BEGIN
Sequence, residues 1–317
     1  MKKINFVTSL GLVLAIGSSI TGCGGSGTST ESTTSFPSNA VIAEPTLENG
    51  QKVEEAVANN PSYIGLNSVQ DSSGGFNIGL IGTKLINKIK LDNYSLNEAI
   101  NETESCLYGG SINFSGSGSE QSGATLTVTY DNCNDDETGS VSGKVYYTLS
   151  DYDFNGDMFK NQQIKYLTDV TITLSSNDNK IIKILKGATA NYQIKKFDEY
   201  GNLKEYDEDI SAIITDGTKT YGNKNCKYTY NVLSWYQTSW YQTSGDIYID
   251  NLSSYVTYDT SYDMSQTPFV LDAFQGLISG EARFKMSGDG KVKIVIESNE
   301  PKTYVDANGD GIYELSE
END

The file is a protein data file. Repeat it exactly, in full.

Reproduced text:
Sequence, residues 1–317
     1  MKKINFVTSL GLVLAIGSSI TGCGGSGTST ESTTSFPSNA VIAEPTLENG
    51  QKVEEAVANN PSYIGLNSVQ DSSGGFNIGL IGTKLINKIK LDNYSLNEAI
   101  NETESCLYGG SINFSGSGSE QSGATLTVTY DNCNDDETGS VSGKVYYTLS
   151  DYDFNGDMFK NQQIKYLTDV TITLSSNDNK IIKILKGATA NYQIKKFDEY
   201  GNLKEYDEDI SAIITDGTKT YGNKNCKYTY NVLSWYQTSW YQTSGDIYID
   251  NLSSYVTYDT SYDMSQTPFV LDAFQGLISG EARFKMSGDG KVKIVIESNE
   301  PKTYVDANGD GIYELSE